The Organ Masters: Peter Sykes
Bach, Mendelssohn and Brahms
Fantasia, Fugues, Chorales and More
Peter Sykes, Organist (Click for bio)
Saturday | February 3 | 4:00PM
Unitarian Universalist Meeting House
1089 Main St, Housatonic, MA
Johann Sebastian Bach
Fantasia and Fugue in C minor, BWV 537
Chorale prelude “Schmücke dich, o liebe Seele”, BWV 654
Prelude and Fugue in G major, op. 37, no. 2
Sonata op. 65, no. 6
Drei Orgelstücke op. 22
Prelude and Fugue in G minor WoO 10
Selections from Op. 122 collection of chorale preludes
Bach’s organ music was recognized in his time as a pinnacle of that art form. It is almost as though succeeding generations of composers gave up on writing fine organ music, since Bach’s represents a kind of perfection that could not be imitated, much less improved. It took a totally new outlook on music – the Romantic era – to find a new musical language for the organ. Principally in Germany, seventy-five years after Bach’s death, the works of Felix Mendelssohn (himself a devotee of Bach’s music) and the young Johannes Brahms, wrote organ music that was both new and paid proper homage to the heritage of Bach.
This recital will combine music of Bach, Mendelssohn, Niels Gade (a pupil of Mendelssohn’s) and Johannes Brahms. Both works using the common heritage of the Lutheran chorale and free works will bring to life the heritage of organ music and composition from these kindred spirits.
The Johnson Tracker Organ
The “tracker” or mechanical-action organ at the UU Meeting House is the kind Bach knew. In the twentieth century the advent of electricity resulted in a kind of remote-control organ that, however impressive, resulted in the loss of intimacy and control that allow for a musician to truly influence the sound. The Johnson organ in Housatonic is something that Bach and his contemporaries would have recognized, and can serve as a vehicle for his music far better than a large modern organ.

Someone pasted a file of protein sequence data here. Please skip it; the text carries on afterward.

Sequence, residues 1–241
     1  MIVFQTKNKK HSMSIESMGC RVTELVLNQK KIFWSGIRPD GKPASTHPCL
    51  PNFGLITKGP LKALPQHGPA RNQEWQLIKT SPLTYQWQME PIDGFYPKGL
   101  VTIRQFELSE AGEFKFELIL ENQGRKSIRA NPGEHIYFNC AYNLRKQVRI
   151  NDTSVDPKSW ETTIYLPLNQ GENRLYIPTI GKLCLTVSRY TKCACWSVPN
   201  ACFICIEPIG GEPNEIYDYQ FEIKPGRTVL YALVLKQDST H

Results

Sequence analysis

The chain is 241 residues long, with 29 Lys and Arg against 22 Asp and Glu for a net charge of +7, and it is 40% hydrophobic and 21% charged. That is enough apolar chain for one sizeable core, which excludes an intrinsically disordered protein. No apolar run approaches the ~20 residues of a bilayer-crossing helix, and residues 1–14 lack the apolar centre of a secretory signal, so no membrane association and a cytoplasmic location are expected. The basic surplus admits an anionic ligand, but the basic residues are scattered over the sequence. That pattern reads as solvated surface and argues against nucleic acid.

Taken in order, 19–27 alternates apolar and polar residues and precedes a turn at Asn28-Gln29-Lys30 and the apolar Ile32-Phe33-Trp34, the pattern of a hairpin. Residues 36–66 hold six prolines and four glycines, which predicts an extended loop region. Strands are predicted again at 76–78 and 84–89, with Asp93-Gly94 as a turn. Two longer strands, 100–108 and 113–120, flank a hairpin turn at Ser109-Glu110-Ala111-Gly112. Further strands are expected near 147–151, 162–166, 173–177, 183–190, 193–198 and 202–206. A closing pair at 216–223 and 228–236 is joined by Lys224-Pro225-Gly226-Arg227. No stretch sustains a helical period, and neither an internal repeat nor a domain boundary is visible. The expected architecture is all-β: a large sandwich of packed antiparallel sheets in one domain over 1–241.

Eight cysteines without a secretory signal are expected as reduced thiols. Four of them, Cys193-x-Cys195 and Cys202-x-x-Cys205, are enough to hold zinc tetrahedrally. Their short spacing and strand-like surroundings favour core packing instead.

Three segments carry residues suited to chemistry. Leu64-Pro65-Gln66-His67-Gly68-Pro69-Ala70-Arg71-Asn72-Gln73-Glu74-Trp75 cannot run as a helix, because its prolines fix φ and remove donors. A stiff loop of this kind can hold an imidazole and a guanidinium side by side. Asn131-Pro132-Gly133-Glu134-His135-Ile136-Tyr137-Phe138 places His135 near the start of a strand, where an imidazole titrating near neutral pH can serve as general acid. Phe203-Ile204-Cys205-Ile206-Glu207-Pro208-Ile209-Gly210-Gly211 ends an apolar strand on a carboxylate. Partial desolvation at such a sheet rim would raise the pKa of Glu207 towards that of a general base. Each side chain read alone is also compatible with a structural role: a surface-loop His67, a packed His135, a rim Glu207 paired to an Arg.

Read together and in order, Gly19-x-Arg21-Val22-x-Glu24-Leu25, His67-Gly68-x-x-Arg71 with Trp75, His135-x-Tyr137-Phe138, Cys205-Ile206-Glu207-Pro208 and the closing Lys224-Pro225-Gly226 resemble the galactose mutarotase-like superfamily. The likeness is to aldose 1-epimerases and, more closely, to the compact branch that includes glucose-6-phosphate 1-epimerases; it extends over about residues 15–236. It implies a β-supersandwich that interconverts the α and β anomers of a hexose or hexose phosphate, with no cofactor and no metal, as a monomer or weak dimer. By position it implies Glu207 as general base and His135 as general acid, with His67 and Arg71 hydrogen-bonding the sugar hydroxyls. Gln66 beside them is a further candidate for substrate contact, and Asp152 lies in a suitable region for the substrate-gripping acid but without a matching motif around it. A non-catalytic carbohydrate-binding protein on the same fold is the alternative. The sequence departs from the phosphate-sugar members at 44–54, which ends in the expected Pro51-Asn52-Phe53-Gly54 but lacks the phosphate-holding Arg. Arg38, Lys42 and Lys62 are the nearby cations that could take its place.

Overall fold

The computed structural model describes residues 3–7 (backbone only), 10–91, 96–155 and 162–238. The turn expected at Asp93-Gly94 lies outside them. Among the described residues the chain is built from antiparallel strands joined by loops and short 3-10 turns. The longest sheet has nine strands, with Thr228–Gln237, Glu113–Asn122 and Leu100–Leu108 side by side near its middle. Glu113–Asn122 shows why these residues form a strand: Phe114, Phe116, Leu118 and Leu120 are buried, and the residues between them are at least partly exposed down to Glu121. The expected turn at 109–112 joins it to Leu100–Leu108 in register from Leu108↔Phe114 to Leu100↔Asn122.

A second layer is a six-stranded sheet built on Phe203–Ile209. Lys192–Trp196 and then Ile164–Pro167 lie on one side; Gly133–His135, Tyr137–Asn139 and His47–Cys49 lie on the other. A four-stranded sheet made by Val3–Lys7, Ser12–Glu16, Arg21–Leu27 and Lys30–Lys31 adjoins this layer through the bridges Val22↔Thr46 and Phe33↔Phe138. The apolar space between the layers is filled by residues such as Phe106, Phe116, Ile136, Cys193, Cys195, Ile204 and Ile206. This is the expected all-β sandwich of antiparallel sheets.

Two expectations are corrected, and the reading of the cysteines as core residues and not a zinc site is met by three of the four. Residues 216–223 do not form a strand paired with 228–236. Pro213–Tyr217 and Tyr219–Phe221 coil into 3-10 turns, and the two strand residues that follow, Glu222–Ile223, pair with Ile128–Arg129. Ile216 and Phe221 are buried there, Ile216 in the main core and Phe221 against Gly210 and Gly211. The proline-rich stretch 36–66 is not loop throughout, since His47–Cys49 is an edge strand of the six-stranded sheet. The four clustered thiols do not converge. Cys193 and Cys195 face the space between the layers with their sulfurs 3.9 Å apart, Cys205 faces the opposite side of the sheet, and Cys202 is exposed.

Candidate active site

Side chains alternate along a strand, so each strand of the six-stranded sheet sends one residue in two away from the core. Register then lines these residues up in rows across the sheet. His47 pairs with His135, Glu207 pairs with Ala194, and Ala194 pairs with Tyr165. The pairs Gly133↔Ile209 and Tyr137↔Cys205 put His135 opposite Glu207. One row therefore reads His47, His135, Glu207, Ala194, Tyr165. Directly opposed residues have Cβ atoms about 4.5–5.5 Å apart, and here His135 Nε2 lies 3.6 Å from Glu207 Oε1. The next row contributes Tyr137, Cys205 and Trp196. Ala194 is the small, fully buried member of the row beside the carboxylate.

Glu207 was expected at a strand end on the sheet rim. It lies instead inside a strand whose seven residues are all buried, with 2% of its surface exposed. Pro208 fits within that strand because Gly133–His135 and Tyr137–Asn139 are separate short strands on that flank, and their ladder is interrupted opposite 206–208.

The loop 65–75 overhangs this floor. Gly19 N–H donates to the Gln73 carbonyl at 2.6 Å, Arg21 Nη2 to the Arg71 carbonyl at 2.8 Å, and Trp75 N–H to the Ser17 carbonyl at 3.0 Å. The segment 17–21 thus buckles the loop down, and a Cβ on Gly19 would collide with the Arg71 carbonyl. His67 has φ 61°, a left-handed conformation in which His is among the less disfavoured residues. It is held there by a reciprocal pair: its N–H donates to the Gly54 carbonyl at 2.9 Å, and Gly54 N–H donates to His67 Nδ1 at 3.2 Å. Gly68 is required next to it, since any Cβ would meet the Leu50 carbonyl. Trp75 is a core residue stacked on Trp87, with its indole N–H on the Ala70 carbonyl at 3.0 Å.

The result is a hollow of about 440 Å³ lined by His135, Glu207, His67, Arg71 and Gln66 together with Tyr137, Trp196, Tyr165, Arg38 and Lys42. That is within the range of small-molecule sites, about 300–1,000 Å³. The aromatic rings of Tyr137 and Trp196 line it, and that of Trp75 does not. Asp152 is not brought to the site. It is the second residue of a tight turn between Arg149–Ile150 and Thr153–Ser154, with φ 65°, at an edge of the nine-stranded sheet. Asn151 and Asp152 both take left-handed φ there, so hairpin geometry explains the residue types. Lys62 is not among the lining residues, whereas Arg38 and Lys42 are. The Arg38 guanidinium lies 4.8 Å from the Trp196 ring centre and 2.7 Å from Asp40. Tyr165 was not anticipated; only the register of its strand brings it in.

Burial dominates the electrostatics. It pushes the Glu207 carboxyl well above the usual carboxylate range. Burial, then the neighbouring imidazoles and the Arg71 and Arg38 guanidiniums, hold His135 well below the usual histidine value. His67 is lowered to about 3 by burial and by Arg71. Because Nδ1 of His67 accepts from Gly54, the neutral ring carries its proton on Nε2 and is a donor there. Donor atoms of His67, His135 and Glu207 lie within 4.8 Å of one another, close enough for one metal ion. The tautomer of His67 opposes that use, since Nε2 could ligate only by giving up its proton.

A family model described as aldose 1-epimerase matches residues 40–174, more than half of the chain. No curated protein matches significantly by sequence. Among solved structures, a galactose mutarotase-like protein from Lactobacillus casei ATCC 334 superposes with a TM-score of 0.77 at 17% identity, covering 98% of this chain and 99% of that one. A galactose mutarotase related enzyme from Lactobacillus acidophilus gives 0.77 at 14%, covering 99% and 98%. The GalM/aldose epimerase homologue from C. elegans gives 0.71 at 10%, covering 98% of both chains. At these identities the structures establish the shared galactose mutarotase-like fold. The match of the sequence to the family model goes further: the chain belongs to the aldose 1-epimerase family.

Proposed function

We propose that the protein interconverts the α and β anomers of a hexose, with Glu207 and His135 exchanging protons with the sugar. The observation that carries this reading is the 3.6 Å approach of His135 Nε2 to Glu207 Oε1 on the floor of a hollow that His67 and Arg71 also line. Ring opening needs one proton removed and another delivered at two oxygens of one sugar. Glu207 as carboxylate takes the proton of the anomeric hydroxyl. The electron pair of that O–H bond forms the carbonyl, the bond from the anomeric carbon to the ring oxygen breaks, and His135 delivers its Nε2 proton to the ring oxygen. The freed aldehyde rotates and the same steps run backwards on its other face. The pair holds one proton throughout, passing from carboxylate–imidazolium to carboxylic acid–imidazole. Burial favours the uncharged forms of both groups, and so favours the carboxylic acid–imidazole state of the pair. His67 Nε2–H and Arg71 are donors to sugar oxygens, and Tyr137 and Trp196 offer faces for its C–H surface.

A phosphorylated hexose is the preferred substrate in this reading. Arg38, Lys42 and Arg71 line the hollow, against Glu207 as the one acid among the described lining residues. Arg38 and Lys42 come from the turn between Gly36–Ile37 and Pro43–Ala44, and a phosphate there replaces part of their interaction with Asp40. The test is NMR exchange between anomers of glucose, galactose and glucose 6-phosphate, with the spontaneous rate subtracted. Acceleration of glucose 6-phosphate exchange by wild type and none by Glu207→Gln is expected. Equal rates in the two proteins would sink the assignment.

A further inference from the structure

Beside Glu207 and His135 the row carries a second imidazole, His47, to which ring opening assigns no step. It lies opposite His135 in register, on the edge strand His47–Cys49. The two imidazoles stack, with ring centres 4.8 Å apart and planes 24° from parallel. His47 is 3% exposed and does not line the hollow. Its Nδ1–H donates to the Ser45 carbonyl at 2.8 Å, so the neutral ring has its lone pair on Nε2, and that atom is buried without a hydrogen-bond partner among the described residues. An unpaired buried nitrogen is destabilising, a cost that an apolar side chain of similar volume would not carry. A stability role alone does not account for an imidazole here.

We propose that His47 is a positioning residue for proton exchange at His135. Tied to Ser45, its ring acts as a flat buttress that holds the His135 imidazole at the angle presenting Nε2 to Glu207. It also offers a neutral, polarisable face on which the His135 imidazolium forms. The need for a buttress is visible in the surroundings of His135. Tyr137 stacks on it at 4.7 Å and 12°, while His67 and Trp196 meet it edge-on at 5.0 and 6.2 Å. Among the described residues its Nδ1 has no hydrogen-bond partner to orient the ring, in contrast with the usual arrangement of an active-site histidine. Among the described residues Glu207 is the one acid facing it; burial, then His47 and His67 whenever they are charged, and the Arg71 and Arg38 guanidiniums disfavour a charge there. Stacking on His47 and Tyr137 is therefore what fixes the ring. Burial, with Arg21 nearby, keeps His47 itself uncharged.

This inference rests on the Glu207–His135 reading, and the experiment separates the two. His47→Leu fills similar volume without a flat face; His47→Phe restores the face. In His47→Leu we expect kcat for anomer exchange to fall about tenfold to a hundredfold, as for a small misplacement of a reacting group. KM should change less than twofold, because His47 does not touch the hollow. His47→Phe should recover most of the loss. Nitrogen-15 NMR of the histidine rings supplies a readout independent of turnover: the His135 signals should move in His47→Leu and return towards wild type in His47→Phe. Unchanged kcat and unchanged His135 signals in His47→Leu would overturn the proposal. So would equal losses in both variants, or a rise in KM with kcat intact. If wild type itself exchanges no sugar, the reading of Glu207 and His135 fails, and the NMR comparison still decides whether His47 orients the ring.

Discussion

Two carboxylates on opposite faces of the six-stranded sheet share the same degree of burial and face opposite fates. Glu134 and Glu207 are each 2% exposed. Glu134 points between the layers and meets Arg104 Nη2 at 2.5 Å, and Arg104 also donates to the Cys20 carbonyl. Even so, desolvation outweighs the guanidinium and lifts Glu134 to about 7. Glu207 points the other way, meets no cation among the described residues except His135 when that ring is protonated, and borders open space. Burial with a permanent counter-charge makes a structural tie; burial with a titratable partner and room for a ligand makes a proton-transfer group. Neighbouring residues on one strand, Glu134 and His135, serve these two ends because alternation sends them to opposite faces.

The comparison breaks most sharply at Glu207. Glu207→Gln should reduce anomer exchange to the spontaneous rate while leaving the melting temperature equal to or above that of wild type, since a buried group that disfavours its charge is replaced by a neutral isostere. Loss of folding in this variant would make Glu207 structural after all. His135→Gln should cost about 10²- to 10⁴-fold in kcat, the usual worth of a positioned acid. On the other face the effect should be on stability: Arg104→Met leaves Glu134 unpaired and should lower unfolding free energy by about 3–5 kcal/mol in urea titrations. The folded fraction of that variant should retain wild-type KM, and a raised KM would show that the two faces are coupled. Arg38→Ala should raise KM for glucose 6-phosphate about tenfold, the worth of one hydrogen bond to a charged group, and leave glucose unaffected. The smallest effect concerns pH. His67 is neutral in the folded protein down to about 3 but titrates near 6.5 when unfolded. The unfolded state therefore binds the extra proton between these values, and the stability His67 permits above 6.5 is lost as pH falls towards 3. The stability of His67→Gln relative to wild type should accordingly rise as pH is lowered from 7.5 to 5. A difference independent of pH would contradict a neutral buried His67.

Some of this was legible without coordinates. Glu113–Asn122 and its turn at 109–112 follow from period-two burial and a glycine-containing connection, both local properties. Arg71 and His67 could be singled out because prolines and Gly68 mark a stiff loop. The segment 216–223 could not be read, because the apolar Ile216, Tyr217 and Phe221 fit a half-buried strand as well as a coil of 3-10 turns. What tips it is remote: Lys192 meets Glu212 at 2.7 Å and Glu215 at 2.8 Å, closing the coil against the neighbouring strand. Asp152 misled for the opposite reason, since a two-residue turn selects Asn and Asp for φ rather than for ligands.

Peter Sykes says:
For many, listening to organ music can be a bewildering experience – confronted by a ‘wall of sound’ without much to differentiate voices or notes, comprehension can be difficult. The Johnson organ in the UU Meeting House in Housatonic stands as a rebuttal to all that. Its voice is gentle, but clear; polyphony as found in Bach’s organ music stands out clearly, and it’s easy to follow the progress of a fugue since all the voices can be distinctly heard. At the same time, its color stops (string, flute and reed) are pretty, lyrical, and serve to support the musical lines without force or shrillness. And the Pedal division, with only one independent stop, gently yet firmly supports both a single stop and full organ with equal measure. This is an organ that is a musical instrument – not a synthesizer or sound machine, but a conveyor of a musical message.
Click here for our Organ Concert Quiz.
RECEPTION OPEN TO ALL FOLLOWS THE CONCERT
$25 General Public
$20 Berkshire Bach Members
Students free with ID
Available at the door (cash or checks) or in advance (click here)
BerkshireStyle chooses this concert as their “Favorite Thing”!